I Knew I Loved You Then

Young kids in love

Young kids in love

He's in the driver seat, and I turn my head just in time to see his shoulders lift and his face shift to annoyance — but I'm not fooled. Even though I'm breaking the driver-gets-to-choose rule, he doesn't touch the dial. 

My sentimental attachment to things is something he accepts about me. It's everything he dislikes about pop music, but he lets the song play itself out and keeps the groaning to a minimum, while I belt out the words.

It's the words in the uber-saccharine song that have captured my heart, after all. And I remind him every time it comes on. The story of two young people caught off guard by a meeting and dancing the night away. It's simple and predictable and the kind of song a very young version of me would have played on repeat. I know better than to be wooed by a cliché, but I feel an affection for its lyrics anyway. It reminds me of a memorable night at the beginning of our own story. 

At our wedding, my sister told that story. It was about a huge party we all attended the night she met him for the first time. For our group of friends, it was the party of the year and I was nervous about how our new relationship would play itself out in front of everyone. I was also young, inexperienced and had too much to drink before we even arrived. She told our wedding guests that it was a funny story, but also a special one. She said watching how he cared for me that night showed her that nothing mattered more to him than making sure I was okay.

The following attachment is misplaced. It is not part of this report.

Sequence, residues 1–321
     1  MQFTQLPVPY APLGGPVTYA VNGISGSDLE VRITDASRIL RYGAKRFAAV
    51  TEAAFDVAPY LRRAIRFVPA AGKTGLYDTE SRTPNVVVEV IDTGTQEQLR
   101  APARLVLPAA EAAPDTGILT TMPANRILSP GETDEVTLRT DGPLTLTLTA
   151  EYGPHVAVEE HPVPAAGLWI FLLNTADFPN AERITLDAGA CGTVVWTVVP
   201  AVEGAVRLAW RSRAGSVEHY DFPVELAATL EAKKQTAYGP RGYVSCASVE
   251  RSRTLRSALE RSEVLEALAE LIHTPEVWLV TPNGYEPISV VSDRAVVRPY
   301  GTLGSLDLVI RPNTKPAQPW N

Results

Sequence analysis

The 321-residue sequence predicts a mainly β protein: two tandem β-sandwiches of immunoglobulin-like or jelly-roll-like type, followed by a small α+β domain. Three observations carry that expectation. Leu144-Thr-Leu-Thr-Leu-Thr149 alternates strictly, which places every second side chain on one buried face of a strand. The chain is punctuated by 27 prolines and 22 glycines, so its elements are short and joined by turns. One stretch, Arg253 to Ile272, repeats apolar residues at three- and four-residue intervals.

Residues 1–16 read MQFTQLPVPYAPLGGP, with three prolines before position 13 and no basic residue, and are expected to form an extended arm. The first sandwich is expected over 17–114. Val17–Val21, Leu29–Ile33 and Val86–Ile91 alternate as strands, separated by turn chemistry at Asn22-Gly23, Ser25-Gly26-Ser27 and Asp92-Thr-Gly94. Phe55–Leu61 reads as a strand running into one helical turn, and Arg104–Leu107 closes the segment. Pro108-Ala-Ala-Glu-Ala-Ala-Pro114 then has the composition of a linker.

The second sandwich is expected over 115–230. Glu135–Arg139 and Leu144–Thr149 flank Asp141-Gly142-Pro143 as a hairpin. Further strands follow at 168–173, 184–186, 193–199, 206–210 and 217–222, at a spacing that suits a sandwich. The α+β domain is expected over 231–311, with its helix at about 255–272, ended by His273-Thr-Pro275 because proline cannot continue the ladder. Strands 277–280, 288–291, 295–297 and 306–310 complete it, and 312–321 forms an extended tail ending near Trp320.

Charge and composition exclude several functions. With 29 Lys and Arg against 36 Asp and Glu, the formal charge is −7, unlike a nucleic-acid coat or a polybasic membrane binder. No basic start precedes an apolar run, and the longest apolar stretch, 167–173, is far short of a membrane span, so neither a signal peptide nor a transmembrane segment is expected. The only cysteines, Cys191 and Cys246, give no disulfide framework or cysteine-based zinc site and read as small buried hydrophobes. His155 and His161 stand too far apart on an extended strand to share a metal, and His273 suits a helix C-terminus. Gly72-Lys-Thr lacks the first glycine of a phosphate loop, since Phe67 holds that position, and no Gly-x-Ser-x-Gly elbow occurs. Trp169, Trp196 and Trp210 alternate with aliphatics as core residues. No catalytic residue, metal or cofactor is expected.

We had only known each other a month or so by then. He led me out of the party, got me home safely, made sure there was someone there to stay with me, and told me he'd see me the next day when I was feeling better. I cried as I said goodnight and apologized for ruining his night, before it had even begun. I was still learning about love then and was sure I'd shown him a side of myself that would make it easy for him to walk away. He leaned into me and whispered, "When you love someone, you have to take care of them." I already knew I loved him, but I hadn't known he felt the same.

It's been decades since that night and he has never wavered in the words he shared with me — even though years of marriage and all the challenges that come with sharing a life have given us both ample reasons to forget

We're like any other family; there's no such thing as perfect. We've each had heartaches and disappointments. And we've also been through experiences together that we dealt with in our own and often differing ways. All of it has changed who we are, because that's what life does.

But I believe the heart of our relationship is still as simple as the song. We are older and wiser, but have never let the picture of who we were at the beginning get too blurry: two kids with a pure and simple understanding of what it means to take care of someone you love. It's not grandiose; it's not complicated; it's not too much to ask.